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Structural, Optical, and Electronic Properties of a Series of 3,4-Propylenedioxythiophene Oligomers in Neutral and Various Oxidation States

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posted on 27.07.2011, 00:00 by Chuanwen Lin, Takanori Endo, Masayoshi Takase, Masahiko Iyoda, Tohru Nishinaga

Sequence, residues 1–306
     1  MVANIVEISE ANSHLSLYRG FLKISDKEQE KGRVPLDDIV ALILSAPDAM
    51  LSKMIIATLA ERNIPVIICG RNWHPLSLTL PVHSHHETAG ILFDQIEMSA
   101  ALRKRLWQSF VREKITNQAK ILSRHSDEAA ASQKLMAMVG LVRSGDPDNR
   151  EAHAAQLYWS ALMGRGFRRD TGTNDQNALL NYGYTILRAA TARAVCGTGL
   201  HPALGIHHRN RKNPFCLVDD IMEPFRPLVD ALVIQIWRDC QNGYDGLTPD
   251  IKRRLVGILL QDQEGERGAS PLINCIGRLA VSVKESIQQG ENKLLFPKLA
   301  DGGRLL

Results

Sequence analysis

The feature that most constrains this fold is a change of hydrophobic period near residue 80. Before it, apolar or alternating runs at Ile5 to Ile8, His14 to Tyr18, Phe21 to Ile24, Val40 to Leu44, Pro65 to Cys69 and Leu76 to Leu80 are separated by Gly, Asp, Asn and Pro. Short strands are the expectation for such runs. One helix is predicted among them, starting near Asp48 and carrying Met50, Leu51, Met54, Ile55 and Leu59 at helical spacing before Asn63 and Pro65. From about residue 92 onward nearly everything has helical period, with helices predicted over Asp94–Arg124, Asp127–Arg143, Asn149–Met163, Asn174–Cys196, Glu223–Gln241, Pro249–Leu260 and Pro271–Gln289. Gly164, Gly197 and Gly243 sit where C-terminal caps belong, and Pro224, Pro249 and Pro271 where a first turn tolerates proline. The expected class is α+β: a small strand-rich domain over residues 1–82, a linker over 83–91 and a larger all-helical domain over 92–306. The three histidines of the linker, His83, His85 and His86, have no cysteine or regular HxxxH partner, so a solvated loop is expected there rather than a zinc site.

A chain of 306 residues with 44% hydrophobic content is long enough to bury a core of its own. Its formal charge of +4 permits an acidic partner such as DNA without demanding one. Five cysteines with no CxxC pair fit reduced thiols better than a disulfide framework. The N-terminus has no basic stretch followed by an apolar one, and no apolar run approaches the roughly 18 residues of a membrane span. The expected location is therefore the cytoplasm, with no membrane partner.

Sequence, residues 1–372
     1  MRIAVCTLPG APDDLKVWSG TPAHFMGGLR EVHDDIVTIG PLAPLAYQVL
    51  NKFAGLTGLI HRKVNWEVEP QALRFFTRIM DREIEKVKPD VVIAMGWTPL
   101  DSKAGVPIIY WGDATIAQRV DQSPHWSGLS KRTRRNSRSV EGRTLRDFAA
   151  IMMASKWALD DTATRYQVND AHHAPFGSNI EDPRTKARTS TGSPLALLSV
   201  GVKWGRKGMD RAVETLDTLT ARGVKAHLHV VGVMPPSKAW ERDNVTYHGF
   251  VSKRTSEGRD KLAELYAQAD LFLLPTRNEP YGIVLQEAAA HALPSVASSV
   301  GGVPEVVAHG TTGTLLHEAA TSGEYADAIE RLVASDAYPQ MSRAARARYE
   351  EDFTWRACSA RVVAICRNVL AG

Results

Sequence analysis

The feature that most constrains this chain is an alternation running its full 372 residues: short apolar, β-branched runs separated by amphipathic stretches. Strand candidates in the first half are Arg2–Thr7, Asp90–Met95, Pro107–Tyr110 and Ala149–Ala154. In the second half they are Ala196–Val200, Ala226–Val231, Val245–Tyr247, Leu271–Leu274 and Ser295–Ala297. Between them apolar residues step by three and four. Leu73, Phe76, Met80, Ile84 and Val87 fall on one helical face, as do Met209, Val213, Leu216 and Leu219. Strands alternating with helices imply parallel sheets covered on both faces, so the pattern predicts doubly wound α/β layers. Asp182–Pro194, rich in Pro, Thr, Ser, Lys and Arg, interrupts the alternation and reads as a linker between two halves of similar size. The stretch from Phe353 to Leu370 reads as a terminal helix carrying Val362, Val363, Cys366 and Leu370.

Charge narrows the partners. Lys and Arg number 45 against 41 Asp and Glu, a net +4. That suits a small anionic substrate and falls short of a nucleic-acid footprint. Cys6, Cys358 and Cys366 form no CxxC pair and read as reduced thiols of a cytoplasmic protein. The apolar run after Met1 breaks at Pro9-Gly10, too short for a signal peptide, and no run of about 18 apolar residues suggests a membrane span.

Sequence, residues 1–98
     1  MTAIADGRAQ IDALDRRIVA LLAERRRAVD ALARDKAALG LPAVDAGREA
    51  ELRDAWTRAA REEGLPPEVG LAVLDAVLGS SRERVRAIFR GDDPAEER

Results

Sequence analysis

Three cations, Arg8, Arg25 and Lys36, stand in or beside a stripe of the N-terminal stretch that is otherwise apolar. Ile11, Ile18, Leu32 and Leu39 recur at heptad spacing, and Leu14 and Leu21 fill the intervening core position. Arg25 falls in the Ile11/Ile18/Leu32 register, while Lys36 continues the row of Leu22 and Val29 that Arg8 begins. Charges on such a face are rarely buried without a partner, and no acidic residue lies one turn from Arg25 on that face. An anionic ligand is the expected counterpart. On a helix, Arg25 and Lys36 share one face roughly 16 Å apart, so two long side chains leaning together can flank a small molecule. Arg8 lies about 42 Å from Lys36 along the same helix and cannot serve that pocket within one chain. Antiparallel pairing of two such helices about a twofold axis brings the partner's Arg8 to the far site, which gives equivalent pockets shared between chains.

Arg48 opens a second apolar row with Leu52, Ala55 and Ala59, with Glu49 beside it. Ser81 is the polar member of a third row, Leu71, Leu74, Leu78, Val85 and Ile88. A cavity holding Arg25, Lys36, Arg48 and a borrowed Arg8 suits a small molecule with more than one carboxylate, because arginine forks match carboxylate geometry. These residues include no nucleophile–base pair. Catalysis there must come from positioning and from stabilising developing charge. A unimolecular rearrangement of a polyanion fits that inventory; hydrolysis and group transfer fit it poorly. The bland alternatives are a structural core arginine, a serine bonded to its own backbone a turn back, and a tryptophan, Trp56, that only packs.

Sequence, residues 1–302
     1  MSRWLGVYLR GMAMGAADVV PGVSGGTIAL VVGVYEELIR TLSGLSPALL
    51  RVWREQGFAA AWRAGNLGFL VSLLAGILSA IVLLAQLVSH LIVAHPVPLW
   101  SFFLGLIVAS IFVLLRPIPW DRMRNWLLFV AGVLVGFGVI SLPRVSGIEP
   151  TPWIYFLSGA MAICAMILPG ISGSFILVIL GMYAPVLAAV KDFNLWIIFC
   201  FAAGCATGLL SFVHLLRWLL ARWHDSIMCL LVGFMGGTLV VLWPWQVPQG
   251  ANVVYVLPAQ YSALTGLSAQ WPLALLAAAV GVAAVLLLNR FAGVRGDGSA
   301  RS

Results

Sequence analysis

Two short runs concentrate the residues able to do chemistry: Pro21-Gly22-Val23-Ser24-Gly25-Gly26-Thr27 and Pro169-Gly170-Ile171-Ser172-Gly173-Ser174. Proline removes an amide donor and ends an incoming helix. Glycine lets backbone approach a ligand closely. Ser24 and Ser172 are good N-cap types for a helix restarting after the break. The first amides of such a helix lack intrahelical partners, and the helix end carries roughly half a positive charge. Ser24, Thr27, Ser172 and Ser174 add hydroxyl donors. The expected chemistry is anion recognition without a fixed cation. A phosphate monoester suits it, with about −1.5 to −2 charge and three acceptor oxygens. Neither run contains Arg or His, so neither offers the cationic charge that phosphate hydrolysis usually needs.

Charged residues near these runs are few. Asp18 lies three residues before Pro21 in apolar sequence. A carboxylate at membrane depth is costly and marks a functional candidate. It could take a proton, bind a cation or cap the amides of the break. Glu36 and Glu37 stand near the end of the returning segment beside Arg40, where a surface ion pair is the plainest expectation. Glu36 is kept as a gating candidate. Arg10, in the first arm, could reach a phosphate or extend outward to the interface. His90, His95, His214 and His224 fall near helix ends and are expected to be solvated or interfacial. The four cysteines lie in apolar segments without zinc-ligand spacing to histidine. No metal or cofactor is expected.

A series of 3,4-propylenedioxythiophene (ProDOT) oligomers (nPHex) with dihexyl side chains and methylthio end-capping units was synthesized as a model of poly(3,4-alkylenedioxythiophene)s. The slope of the linear relationship between the energy of the absorption maxima of nPHex in the neutral states and the reciprocal of the number of monomer units (1/n) was found to be comparable to that of 3,4-ethylenedioxythiophene (EDOT) oligomers, suggesting that both the ProDOT and the EDOT oligomers have a similar effective conjugation. In cyclic voltammetry measurements, both the first and second oxidation waves and the third and fourth waves were shown to merge into one peak with increasing chain length. The stepwise chemical oxidations of nPHex with SbCl5 in CH2Cl2 at room temperature gave their stable cationic species in various oxidation states, and it was found that only the radical cations (polarons) have an obvious absorption band in the visible region. Interestingly, when the absorption spectra of tetramer radical cation 4PHex were measured at low temperatures, reversible disproportionation into dication 4PHex2+ and neutral species 4PHex was observed in addition to π-dimer formation. Furthermore, the radical cations of the longer oligomers showed only the disproportionation reaction. From the comparisons of the results of experiments and the theoretical calculations of the dications, 6PHex2+ was found to have a closed-shell nature, and only a weak singlet biradical character appeared even in longer oligomers 10PHex2+ and 12PHex2+. Overall, the electron-donating dioxy substituents are considered to stabilize high p-doping levels with closed-shell dication (bipolaron) structures in poly(3,4-alkylenedioxythiophene)s, which enables the transparency properties of the polymers.